Roy Schestowitz wrote:
> Will The RIAA Shut Down Public School Kids From Singing Pop
> Songs On YouTube?
> ,----[ Quote ]
>> Dave Title points our attention to a public elementary
>> school in New York City (PS22) that is making news for
>> putting together a chorus that sings various pop songs (and
>> sings them well!).
>> But, of course, Title wonders how the RIAA feels about all
>> of this:
>> However, this seems like a video ripe for takedown by the
>> RIAA. These kids did not get the rights to perform this song
>> and they are now spreading their cover for free! This is
>> just the sort of activity the record industry seems to keen
>> on stopping - whether it is a chorus of school-kids or a
>> couple of people doing a karaoke version of the latest
>> Beyonce tune.
I found out that Girl Scouts are not permitted to sing or dance
to a boom box around a camp fire, due to the likes of
organisations like ASCAP.
Starting this summer, the American Society of Composers, Authors
& Publishers has informed camps nationwide that they must pay
license fees to use any of the four million copyrighted songs
written or published by Ascap's 68,000 members. Those who sing or
play but don't pay, Ascap warns, may be violating the law.
Like restaurants, hotels, bars, stores and clubs, which already
pay fees to use copyrighted music, camps -- including non-profit
ones such as those run by the Girl Scouts -- are being told to
ante up. The demand covers not only recorded music but also songs
around the campfire.
"They buy paper, twine and glue for their crafts -- they can pay
for the music, too," says John Lo Frumento, Ascap's chief
operating officer. If offenders keep singing without paying, he
says, "we will sue them if necessary."
No more "Edelweiss" free of charge. No more "This Land Is Your
Land." An Ascap spokesman says "Kumbaya" isn't on its list, but
"God Bless America" is.
Diablo, an all-volunteer day camp that charges girls $44 a week
to cover expenses, would owe Ascap $591 this year, based on the
camp's size and how long it runs. Another composer group, Sesac
Inc., which owns copyrights to such popular tunes as Bob Dylan's
"Blowin' in the Wind," says it plans to ask camps for another set
of royalties this fall.
Even "Happy Birthday" is copyrighted:
The Chicago-based music publisher Clayton F. Summy Company,
working with Jessica Hill, published and copyrighted "Happy
Birthday" in 1935. Under the laws in effect at the time, the
Hills' copyright would have expired after one 28-year term and a
renewal of similar length, falling into public domain by 1991.
However, the Copyright Act of 1976 extended the term of copyright
protection to 75 years from date of publication, and the
Copyright Term Extension Act of 1998 added another 20 years, so
under current law the copyright protection of "Happy Birthday"
will remain intact until at least 2030.
Does this mean that everyone who warbles "Happy Birthday to You"
to family members at birthday parties is engaging in copyright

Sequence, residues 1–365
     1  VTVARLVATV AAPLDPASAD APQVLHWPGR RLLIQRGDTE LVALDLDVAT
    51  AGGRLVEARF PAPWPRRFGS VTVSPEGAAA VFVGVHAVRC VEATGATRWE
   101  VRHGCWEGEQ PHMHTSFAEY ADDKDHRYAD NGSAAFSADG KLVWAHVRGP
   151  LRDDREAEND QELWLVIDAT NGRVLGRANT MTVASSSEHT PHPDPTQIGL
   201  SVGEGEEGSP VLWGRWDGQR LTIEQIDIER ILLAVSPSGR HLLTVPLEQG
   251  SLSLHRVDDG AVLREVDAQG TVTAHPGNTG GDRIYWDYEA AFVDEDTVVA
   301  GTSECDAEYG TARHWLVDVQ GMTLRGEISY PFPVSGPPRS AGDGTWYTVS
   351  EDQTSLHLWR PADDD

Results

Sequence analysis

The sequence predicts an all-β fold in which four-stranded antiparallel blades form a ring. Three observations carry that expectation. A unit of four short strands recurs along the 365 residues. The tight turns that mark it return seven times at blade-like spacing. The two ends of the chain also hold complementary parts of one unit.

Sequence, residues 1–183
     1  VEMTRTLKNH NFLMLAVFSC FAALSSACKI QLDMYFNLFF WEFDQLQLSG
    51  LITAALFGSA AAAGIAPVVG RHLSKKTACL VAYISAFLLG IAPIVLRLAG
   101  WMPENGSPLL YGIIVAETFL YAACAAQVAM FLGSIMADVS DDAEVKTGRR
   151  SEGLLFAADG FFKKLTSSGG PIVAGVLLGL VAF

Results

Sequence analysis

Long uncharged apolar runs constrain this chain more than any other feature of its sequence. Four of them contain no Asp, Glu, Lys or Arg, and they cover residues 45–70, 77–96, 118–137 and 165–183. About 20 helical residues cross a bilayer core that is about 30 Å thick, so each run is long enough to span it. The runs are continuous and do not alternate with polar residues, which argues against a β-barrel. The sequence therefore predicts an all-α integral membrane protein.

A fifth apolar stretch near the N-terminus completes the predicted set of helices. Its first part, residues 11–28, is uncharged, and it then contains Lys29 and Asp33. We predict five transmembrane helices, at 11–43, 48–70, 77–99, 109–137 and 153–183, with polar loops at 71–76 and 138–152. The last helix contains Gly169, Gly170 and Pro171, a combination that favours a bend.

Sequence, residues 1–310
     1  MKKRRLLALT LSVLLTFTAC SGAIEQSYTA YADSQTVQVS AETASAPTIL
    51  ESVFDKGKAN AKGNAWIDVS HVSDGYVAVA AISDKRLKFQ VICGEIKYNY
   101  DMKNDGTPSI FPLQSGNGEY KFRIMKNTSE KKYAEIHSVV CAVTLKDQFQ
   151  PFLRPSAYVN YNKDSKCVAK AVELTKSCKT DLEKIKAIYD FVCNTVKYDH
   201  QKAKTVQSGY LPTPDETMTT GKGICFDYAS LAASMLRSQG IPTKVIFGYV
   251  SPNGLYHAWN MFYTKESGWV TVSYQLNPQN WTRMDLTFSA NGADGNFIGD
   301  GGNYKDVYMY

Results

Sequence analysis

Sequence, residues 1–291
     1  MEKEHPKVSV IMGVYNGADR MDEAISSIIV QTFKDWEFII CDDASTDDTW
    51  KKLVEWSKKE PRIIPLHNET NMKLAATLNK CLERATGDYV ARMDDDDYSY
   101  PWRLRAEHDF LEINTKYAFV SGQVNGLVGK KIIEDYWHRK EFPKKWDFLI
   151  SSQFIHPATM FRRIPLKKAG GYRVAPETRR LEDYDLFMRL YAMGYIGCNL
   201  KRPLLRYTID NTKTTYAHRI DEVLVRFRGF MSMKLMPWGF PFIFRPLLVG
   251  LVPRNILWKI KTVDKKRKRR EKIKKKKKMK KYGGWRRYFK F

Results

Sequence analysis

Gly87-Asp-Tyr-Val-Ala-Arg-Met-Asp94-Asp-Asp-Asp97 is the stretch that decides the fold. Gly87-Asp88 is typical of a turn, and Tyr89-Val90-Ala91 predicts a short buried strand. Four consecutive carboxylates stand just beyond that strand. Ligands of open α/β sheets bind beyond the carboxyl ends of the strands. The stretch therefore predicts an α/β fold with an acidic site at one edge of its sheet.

infringement if they fail to obtain permission from or pay
royalties to the song's publisher? No. Royalties are due, of
course, for commercial uses of the song, such as playing or
singing it for profit, using it in movies, television programs,
and stage shows, or incorporating it into musical products such
as watches and greeting cards; as well, royalties are due for
public performance, defined by copyright law as performances
which occur "at a place open to the public, or at any place where
a substantial number of persons outside of a normal circle of a
family and its social acquaintances is gathered." So, crooning
"Happy Birthday to You" to family members and friends at home is
fine, but performing a copyrighted work in a public setting such
as a restaurant or a sports arena technically requires a license
from ASCAP or the Harry Fox Agency (although such infringements
are rarely prosecuted).
The problem lies with the definition of copyright. 95 years is
an unreasonable time. Almost anything written almost 100 years
ago is no longer considered "music worthy". A reasonable term
would be something of the order of 50 years, which would
adequately cover the original artist. The purpose of the
additional 45 years is to protect the interest of companies, not
the artist, IMHO.
This is simply abuse. A non-profit organisation around a camp
site singing a popular tune is going beyond the reasonable means
of seeking compensation.
Years ago I remember my high school band teacher telling me, that
if I gigged in a small night club or pub, I would probably not
have to worry about copyrights. However, it seems that nowadays,
for the sake of greed, these companies would go after the small
performers and amateur performers.
Thus, if I perform a popular tune at amateur hour at a small
coffee shop, I/the restaurant are owing to pay a royalty fee,
which adds impetus to not perform at all, which I gather is what
Then too, if what I perform "sounds like" someone's copyrighted
rendition of a public domain song (and there was some artist
clown some years back who wanted to sue another performer, for
using several notes from his song, a "theme"), then I suppose I
could open myself up for a lawsuit.
It is nothing more than a pretense for greed, IMHO, not much
different than the patent FUD that Linux infringes on Microsoft's